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Amaya v. Garden City Irrigation Inc.

United States District Court, E.D. New York

January 17, 2017

FREDY AMAYA, et al., Plaintiffs,
v.
GARDEN CITY IRRIGATION INC., et al., Defendants.

          MEMORANDUM AND ORDER

          ROBERT M. LEVY United States Magistrate Judge.

         This wage-and-hour collective action was commenced in June 2003. Since then, most of the plaintiffs have reached a resolution with the defendants, with the exception of plaintiffs Samuel Estrada and Jose Alvarado, who are represented by attorney Marina Trubitsky. A review of the docket sheet reveals at least nine occasions on which Ms. Trubitsky failed to appear for scheduled conferences or depositions or respond to court orders in this case. (See docket entries dated 4/15/2014, 6/4/2014, 8/8/2014, 8/21/2014, 10/20/2014, 8/19/2015, 9/10/2015, 9/28/2016, and 11/22/2016.) Most recently, after Ms. Trubitsky failed to appear for a conference on September 28, 2016, I directed Ms. Trubitsky and counsel for defendants to file confidential reports regarding the status of mediation by November 2, 2016. Defendants' counsel submitted a letter explaining that, in an effort to reach a settlement with plaintiffs Estrada and Alvarado, he had attempted to contact Ms. Trubitsky, but received no response. (See Letter of Raymond Nardo, Esq., dated Nov. 2, 2016, Dkt. No. 216.) Ms. Trubitsky did not file a status report by the deadline, and on November 22, 2016, I issued the following order:

ORDER TO SHOW CAUSE. By Order dated 9/28/16, I directed all counsel to file a status report on 11/2/16. Raymond Nardo, Esq., filed a timely report on behalf of the Garden City defendants, who are attempting to resolve this case through court-annexed mediation. However, Marina Trubitsky, Esq., failed to file a status report on behalf of the remaining plaintiffs Alvarado and Estrada. Ms. Trubitsky also failed to appear at the most recent conference (9/28/16) or request an adjournment. (Ms. Trubitsky's office subsequently filed a letter dated 10/25/16 stating that Ms. Trubitsky had been sick on the date of the conference, but did not explain why Ms. Trubitsky did not notify the court or request an adjournment). In his 11/2/16 status report, Mr. Nardo advised that “the elusive” Ms. Trubitsky “unsurprisingly” has not responded to his most recent communication, and that her participation is critical to the court-annexed mediation. Some three weeks have now passed, and Ms. Trubitsky has neither filed her own status report nor responded to Mr. Nardo's. On or before 11/30/16, Ms.Trubitsky shall personally draft and file a written status report detailing the status of this litigation and her efforts to either prosecute or settle it (including whether she has responded to Mr. Nardo's 10/19/16 settlement inquiries) or SHOW CAUSE why she should not be sanctioned for failure to comply with orders of this court.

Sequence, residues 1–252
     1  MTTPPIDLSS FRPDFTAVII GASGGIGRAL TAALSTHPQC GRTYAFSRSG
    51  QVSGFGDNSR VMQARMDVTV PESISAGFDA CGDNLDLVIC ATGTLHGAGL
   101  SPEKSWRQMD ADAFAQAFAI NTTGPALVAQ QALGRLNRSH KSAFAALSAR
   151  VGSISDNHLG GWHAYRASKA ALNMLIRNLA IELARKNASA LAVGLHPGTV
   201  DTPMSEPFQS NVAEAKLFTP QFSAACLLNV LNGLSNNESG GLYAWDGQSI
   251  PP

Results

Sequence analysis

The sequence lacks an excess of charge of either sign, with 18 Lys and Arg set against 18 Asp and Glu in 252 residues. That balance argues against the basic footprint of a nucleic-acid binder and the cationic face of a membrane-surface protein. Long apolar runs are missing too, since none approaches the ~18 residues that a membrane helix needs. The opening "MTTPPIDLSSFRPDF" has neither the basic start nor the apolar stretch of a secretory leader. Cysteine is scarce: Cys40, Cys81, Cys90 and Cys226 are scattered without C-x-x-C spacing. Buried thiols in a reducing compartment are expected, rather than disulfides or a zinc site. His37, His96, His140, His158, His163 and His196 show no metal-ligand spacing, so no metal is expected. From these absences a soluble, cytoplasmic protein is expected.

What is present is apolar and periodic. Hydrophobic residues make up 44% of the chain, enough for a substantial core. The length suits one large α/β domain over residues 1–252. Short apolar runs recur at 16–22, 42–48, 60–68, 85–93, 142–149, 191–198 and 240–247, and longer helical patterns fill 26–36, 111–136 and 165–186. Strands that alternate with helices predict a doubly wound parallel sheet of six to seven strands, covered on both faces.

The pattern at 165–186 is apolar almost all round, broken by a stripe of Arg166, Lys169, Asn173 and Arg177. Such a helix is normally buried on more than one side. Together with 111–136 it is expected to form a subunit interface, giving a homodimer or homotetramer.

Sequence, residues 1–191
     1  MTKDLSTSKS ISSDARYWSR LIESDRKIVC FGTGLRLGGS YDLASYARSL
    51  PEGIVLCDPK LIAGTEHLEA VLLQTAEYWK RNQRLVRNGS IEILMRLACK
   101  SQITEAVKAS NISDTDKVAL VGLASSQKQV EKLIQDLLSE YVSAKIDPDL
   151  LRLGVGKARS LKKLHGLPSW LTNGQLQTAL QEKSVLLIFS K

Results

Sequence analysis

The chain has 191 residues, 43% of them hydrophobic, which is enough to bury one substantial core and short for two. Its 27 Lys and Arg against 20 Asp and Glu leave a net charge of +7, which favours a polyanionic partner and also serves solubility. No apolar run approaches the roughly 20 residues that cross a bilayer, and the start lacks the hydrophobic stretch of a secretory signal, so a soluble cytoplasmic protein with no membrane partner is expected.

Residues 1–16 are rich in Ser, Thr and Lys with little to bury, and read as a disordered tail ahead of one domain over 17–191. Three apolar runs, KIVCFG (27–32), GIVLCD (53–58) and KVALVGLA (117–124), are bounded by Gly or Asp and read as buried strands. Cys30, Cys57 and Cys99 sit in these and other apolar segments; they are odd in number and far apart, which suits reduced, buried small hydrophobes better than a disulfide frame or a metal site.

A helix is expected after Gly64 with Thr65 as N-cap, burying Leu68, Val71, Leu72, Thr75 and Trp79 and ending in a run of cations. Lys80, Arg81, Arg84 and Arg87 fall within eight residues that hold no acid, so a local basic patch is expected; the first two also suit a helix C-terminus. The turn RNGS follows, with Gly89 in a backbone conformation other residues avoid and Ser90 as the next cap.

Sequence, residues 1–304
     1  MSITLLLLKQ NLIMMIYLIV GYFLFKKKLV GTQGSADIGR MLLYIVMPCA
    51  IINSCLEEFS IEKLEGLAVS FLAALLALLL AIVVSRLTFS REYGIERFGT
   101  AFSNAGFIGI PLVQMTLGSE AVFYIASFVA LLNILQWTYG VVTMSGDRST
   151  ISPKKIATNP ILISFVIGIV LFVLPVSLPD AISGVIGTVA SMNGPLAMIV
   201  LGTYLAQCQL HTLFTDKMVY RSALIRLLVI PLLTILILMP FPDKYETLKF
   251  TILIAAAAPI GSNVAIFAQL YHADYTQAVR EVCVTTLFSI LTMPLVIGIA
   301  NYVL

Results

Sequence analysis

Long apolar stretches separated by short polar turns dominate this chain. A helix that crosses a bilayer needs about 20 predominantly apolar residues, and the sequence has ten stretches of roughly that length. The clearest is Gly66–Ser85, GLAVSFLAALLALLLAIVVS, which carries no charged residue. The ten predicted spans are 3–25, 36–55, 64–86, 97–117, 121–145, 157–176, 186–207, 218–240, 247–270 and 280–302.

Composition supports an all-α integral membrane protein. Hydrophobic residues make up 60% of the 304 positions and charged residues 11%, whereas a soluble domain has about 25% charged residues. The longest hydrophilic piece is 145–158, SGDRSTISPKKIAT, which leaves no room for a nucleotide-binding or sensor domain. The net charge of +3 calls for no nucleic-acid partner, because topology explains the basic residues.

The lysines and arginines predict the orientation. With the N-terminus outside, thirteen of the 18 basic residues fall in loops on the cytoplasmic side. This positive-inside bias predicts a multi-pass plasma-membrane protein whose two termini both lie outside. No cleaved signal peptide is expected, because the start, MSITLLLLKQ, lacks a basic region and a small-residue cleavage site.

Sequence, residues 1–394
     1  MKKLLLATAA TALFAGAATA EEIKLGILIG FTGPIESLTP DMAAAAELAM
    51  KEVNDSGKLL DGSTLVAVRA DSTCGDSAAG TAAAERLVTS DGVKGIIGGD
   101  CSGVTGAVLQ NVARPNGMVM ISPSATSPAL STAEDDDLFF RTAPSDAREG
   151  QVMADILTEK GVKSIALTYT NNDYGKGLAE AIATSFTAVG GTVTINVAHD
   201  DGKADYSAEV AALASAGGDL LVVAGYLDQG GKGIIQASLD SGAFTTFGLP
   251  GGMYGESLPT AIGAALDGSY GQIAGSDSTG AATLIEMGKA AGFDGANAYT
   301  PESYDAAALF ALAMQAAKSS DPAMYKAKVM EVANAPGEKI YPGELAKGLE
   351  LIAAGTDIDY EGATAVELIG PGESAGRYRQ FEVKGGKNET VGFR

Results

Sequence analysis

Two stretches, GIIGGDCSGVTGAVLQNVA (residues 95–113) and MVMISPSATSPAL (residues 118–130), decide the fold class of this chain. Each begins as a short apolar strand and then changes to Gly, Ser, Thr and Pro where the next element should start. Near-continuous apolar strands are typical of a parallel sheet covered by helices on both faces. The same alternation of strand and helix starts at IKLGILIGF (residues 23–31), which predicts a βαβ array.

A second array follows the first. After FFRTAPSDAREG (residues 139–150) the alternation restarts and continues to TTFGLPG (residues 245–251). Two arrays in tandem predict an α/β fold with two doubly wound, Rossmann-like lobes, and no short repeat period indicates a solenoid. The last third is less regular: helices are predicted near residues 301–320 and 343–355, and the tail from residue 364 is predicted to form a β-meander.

(Order to Show Cause, dated Nov. 22, 2016.) Ms. Trubitsky has failed to comply with that order.

         This court has been more than forgiving and patient with Ms. Trubitsky, and has repeatedly accepted her belated excuses for fear of prejudicing her clients. But her neglect and disregard are unacceptable and unprofessional, and Judge Block's and my many threats and admonitions have apparently fallen on deaf ears.

         On October 25, 2016, an employee in Ms. Trubitsky's office filed a letter explaining that Ms. Trubitsky had missed the scheduled court conference on September 28, 2016 “due to her illness” and could not be reached. (See Dkt. No. 215.) Since then, neither the court nor defendants' counsel has heard from Ms. Trubitsky. The court does not know the nature of Ms. Trubitsky's illness, but if it prevents her from representing her clients or practicing law, then she is ethically obligated to withdraw. See N.Y. Rules of Professional Conduct, Rule 1.16(b)(2) (“[A] lawyer shall withdraw from the representation of a client when . . . the lawyer's physical or mental condition materially impairs the lawyer's ability to represent the client.”)

         Federal courts are vested with the inherent power “to manage their own affairs so as to achieve the orderly and expeditious disposition of cases.” Link v. Wabash R. Co., 370 U.S. 626, 630-631 (1962). Included in that power is the authority to “discipline attorneys who appear before” the court. See Chambers v. NASCO, Inc., 501 U.S. 32, 43 (1991) (citing Ex parte Burr, 9 Wheat. 529, 531, 6 L.Ed. 152 (1824)). The Second Circuit has advised that “[d]ue process requires that courts provide notice and opportunity to be heard before imposing any kind of sanctions.” Schlaifer Nance & Co. v. Estate of Warhol, 194 F.3d 323, 334 (2d Cir. 1999) (emphasis in original) (citation omitted). Ms. Trubitsky has been warned numerous times that her lack of response could result in sanctions, yet she has repeatedly ignored her obligations. Accordingly, Marina Trubitsky is hereby ordered to pay sanctions in the amount of $5, 000 to the Clerk of this Court by February 24, 2017. In addition, Ms. Trubitsky is ordered to show cause by that date why this case should not be dismissed for lack of prosecution. Failure to respond will result in a recommendation that the claims of plaintiffs Samuel Estrada and Jose Alvarado be ...


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